Black History Month Wrap-up - Popular Woodworking Magazine

Black History Month Wrap-up

 In Arts & Mysteries Blog, Woodworking Blogs

Through no fault of my own, I was seperated from my laptop containing several interesting blogs about African American Woodworkers. Now that we are united, I feel the month is gone and the moment lost. But I do want to say a few things about Black History Month before I leave it until next year.

I’m not sure if I share any recent African ancestry. And tho I grew up in an all black neighborhood, I have no claim to anything particularly related to African Americans. That said I feel a pride in these woodworkers and an emotional attachment to them and their stories as if they were my own blood relatives. At risk of pandering to Schwarz (who I suspect will be all over this), I’m going to have to label my relationship to these fellow woodworkers as a “wood kinship”. These guys (our wood kin) are ours just like you and I are related not just by what we do, but how we view the world, solve problems etc.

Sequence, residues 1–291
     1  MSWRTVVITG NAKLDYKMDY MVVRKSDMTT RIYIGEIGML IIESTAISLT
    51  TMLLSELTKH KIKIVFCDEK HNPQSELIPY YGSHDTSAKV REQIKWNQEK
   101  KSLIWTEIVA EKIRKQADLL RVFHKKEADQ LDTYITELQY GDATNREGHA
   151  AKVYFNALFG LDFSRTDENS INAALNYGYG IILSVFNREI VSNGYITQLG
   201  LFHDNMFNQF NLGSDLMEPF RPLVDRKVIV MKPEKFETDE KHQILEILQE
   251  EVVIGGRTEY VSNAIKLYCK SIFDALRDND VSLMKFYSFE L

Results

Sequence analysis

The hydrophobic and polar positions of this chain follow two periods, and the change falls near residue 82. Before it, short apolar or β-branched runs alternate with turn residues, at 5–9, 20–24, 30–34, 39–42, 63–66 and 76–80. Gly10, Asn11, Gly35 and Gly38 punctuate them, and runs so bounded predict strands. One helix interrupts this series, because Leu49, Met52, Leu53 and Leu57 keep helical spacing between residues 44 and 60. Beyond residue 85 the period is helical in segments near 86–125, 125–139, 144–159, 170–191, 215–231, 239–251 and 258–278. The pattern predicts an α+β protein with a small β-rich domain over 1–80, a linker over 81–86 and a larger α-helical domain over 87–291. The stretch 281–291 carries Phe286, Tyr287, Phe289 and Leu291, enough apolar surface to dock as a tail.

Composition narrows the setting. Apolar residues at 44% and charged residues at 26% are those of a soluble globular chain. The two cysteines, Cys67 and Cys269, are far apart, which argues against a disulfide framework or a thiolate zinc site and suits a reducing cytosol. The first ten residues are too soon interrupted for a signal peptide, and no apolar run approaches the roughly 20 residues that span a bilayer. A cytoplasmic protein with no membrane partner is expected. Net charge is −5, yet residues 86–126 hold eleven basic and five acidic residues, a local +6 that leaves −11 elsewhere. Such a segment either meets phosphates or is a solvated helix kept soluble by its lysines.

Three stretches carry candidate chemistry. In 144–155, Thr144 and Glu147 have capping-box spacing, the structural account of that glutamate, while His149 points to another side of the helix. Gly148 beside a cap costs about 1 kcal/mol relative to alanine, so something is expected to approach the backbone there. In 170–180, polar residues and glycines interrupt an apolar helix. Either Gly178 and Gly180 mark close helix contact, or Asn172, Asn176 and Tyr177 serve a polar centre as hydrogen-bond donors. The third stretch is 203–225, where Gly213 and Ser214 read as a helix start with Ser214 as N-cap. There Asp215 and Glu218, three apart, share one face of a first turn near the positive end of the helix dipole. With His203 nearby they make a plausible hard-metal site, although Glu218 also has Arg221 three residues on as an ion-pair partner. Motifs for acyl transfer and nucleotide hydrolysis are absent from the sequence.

I have more and better stories for next year. African American woodworkers’ stories are a patchwork quilt of woodworking lore and history certainly deserving of our time. Until then Dennis Heyza has compiled a fine webpage on the subject. I’m sure he’d appreciate your additions, and comments. Thanks Dennis for sharing your work with us.


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  • Adam

    It seems to me, in the antiques business, rare and interesting sell. Not sure why a museum like Philadelphia hasn’t done an exhibit of African American furniture. I would think, like Cesar Chellor planes, the furniture from this group of craftsmen would be highly collectible. I find their work and lives fascinating.

    I’m not sure their work has been ignored. Overlooked might be a better word choice. It’s only been recently that Southern furniture has been at the center of collectors’ reticules. I have my hesitations with that furniture from an art history standpoint.


  • Clayton Blake

    I enjoyed your blog on John Hemmings. I think to ignore the African American contributions to the craft would do history a huge disservice. Unfortunately, many times, minority contributions are deemed a lesser effort and therefore shuttled off to the back pages of history. Thank you for bringing this mans story to light. I look forward to next years offerings.

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